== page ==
Does your Test Automation code smell? Here's how you can launder it! - Digital Solutions, IT Services & Consulting - Payoda

Does your Test Automation code smell? Here’s how you can launder it!

The psychological purpose of automated testing, apart from all the statistical purposes of effort and cost reduction, is that they give a sense of comfort and joy to members of the project and to the stakeholders. The comfort of continuous testing keeps everyone relaxed because, with each line of code modification or new feature built-in, the automated tests confirm whether or not there are impacts. If there are, you quickly analyze and fix them. If there aren’t any, you gain confidence and continue to build on the code. Automated tests provide a sense of joy because all that you want to test is being tested as you want it to be, but without any effort.

But many a time, your test automation code is a mess. It has reached a point where you no longer know where anything is anymore. The framework and the tests are so complex and badly orchestrated that any change that you do in the code makes you anxious with the thought that it might break something else, in some other place. And the worst part is that you are not really sure how it got to this point.

You start well but then everything goes haywire!

When you started writing the automation tests everything seemed fine. But what you don’t realize is that it’s a parallax. They seem fine in the early stages because the code back then was minimal. But as the application logic expanded, the number of test methods and the dependency points between them went up. That’s when you realize that there are foundation-level mistakes in your automation source code and that your tests are strewn with code smells. A major reason could be that the initial framework template that you followed wasn’t scalable or maintainable. Maybe you did not pay attention each time you had to make a change to the existing code and did the quickest fix possible by adding code that’s either redundant or isn’t applicable to all environments or would impact other tests in some way or the other.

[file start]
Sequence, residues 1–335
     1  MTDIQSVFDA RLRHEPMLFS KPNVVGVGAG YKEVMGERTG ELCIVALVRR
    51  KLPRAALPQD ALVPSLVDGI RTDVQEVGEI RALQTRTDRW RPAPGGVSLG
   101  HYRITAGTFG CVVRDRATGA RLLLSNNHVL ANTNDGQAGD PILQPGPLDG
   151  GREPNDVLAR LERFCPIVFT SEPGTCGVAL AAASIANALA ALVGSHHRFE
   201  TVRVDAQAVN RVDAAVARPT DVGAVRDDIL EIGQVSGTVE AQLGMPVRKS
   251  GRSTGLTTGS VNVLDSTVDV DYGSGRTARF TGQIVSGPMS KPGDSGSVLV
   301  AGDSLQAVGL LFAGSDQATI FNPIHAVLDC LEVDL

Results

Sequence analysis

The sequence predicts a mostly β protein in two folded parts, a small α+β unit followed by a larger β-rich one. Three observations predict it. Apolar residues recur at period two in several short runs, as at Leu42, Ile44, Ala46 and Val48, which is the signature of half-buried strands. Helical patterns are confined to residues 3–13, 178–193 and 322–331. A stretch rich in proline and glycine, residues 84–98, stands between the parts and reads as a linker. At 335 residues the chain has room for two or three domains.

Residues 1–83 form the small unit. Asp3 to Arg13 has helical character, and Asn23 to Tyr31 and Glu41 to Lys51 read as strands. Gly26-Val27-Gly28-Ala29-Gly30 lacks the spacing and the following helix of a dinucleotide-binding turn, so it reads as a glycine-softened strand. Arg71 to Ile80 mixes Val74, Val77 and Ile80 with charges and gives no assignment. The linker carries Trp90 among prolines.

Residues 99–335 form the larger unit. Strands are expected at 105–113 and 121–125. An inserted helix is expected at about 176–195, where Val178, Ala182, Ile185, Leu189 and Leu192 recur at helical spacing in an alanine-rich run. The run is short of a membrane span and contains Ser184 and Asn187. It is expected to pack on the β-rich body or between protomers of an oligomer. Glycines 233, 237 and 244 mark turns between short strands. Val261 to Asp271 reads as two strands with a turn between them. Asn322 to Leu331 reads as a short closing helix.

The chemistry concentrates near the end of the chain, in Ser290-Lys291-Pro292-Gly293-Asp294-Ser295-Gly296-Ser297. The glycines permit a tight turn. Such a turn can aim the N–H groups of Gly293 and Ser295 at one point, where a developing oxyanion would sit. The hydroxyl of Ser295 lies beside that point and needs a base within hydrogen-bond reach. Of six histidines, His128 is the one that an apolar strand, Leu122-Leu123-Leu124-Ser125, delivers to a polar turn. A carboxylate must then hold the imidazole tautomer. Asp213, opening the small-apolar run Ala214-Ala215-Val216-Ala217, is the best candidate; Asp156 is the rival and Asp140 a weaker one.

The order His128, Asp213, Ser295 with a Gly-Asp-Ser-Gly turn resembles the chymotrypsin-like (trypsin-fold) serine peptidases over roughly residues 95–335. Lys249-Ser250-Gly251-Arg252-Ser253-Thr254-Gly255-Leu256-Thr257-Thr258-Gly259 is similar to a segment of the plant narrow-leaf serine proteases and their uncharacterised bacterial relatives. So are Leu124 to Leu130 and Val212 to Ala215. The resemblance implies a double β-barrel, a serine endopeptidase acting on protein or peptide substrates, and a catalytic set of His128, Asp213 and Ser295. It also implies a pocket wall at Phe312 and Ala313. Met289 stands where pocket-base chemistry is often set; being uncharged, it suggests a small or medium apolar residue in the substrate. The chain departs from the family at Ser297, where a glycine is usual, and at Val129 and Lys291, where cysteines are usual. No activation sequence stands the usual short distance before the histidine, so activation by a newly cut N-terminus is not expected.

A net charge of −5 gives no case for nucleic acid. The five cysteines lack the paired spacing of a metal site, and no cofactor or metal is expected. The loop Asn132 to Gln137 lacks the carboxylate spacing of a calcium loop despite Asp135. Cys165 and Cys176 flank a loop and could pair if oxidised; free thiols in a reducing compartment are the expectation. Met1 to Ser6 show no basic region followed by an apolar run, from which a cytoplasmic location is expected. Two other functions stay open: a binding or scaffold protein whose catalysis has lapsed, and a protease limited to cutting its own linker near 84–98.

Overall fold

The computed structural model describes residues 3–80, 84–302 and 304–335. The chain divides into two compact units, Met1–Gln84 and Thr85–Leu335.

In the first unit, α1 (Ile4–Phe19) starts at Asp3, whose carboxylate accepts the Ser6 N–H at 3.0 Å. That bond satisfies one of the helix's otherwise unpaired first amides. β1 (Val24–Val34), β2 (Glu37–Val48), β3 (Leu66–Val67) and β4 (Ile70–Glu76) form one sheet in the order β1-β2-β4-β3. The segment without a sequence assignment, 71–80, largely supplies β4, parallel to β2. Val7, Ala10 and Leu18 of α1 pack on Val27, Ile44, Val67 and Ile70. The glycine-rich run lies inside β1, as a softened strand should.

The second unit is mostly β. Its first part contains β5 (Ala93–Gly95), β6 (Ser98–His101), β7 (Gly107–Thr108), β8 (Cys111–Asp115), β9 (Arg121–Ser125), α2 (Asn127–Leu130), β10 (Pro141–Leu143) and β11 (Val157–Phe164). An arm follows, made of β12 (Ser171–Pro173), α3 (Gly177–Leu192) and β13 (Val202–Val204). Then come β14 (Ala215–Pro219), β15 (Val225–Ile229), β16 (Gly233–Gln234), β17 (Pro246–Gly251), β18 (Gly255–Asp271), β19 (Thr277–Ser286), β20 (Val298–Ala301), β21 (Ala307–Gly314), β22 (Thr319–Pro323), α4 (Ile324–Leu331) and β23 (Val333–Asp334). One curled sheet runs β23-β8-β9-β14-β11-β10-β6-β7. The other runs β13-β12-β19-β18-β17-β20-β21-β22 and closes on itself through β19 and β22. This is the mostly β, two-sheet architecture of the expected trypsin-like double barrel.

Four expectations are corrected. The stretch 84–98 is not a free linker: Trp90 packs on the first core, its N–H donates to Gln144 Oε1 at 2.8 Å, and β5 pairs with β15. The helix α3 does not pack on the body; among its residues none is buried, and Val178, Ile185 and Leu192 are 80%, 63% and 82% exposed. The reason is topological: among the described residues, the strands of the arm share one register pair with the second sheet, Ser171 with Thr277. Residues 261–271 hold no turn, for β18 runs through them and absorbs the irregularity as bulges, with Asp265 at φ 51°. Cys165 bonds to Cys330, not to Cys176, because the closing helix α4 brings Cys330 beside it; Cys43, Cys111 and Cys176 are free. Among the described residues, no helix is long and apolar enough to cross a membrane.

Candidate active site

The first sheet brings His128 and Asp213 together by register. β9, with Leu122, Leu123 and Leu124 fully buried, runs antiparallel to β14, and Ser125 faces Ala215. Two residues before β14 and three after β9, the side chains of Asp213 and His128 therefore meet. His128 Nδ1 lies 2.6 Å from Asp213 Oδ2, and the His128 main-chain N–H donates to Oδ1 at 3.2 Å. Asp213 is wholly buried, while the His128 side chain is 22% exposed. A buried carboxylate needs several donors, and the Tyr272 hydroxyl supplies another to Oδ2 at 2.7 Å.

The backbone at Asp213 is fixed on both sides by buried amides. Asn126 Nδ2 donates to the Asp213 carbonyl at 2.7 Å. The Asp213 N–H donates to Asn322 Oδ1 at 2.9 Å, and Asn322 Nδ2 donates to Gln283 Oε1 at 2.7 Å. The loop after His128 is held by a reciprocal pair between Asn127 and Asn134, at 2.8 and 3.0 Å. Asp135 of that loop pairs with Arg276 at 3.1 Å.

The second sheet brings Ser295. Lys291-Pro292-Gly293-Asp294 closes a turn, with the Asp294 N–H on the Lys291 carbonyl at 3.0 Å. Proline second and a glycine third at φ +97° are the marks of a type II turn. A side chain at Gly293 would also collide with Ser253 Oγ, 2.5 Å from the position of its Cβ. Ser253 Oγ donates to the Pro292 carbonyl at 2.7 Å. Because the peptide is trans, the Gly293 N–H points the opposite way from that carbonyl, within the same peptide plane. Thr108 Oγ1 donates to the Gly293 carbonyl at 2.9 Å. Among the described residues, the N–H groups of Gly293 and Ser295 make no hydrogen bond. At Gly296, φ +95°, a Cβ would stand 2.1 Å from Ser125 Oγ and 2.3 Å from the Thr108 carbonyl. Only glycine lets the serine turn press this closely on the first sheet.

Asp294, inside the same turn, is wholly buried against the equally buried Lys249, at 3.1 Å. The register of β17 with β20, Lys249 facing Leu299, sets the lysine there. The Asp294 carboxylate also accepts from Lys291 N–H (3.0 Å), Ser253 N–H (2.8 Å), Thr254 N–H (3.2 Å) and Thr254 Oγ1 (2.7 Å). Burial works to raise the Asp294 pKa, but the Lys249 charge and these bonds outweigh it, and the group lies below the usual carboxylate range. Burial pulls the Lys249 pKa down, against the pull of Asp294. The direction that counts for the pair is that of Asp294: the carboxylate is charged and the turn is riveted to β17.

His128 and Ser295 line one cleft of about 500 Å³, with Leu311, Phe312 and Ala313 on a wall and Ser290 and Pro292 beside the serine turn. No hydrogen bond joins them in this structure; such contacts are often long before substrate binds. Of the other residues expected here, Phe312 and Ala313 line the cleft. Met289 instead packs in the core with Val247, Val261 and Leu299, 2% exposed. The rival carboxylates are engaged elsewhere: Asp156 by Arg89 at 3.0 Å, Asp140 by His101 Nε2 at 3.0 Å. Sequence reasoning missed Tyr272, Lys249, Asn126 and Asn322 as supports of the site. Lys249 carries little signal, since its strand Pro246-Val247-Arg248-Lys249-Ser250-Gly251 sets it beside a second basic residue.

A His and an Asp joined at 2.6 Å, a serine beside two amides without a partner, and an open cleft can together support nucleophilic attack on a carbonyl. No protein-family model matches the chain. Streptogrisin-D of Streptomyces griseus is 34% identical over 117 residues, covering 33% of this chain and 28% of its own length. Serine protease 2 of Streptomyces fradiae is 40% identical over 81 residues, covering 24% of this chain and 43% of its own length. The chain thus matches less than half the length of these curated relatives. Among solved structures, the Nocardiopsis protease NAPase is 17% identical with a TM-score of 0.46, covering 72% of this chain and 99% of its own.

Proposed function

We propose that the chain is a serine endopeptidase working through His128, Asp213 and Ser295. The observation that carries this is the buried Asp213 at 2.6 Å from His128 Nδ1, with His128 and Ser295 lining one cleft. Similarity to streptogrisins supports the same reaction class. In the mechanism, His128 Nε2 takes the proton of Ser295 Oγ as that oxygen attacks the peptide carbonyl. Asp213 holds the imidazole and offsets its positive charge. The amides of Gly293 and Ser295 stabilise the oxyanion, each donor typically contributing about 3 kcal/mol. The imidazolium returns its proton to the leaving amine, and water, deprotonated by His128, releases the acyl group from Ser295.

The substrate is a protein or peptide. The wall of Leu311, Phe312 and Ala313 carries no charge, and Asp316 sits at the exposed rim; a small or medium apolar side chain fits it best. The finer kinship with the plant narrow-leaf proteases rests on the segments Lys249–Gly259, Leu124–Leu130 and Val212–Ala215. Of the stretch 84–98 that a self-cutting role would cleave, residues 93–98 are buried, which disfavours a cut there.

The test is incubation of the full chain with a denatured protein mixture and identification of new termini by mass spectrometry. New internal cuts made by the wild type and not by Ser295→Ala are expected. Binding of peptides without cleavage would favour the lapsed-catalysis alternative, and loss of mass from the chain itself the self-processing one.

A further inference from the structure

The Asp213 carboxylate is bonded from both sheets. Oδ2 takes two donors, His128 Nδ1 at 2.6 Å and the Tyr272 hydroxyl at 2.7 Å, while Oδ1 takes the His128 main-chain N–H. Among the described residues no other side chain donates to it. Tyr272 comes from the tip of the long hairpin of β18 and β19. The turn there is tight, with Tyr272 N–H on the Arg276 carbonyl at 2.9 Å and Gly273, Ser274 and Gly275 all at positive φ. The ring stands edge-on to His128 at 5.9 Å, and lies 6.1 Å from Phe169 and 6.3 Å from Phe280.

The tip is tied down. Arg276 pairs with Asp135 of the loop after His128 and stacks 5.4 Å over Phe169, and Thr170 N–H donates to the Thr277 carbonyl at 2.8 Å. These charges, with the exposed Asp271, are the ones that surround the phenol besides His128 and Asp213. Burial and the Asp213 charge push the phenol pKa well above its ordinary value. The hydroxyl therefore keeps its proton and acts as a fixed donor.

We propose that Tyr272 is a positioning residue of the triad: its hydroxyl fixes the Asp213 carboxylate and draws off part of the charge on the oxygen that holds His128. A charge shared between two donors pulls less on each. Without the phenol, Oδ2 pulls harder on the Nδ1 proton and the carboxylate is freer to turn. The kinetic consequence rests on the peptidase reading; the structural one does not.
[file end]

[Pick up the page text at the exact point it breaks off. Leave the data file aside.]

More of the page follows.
What are code smells?

A code smell is an implementation of code that basically violates the fundamental principles of framework design or the coding language and causes increased development effort or flaky, unstable tests because they aren’t objective but subjective to the data, the environment or the state of the application when the code was written. A code that smells might work, but it is bound to pull the rug from under your feet at some point in time. A smelly code solves lesser problems than it creates. And when that’s the case, an increase in automation code development effort is inevitable.

Here are some ways by which you can avoid code smells. It’s important that you follow these right from the get-go.

1.Lengthy Classes

A typical automation test script would launch the browser, then the URL of the AUT, login, and perform a set of actions on the application, and then verify the state of the application after those actions and then logout. But what if all of these separate sets of actions were in a single lengthy class. That’s a bad code smell. These are different sets of actions with each having a unique responsibility and must be treated as such. In such a case where all the actions are clubbed into a single class, it makes it difficult for even the author to make sense of what the class contains, let alone a new test engineer coming in to assist or take over. Such a code smell affects readability, maintenance and can result in redundancy. So it’s important that each action is maintained in a separate class of their own. This classification makes it easier to locate where each part of the code is, identify any redundancies and most of all make maintenance a hell of a lot easier.

2. Lengthy Methods

Lengthy methods are twins of the Lengthy classes code smell and hence have a similar odor. They throw up the same problems such as lack of readability, being prone to redundancy, and difficulties in maintenance. When you start writing a test method, you do not intend for it to be so long and to cover so many responsibilities. But as time goes, and as features get built-in, the method grows, and you don’t mind separating the concerns. Eventually, you arrive at a point where you lose sight of what exactly was the method’s responsibility to start with. The method name and its original intention might have been to test a particular thing but as time passes and as changes get included it ends up testing a lot of other things as well. The remediation for this is the same as lengthy classes. Separate the concerns into individual test methods and call them whenever and wherever needed.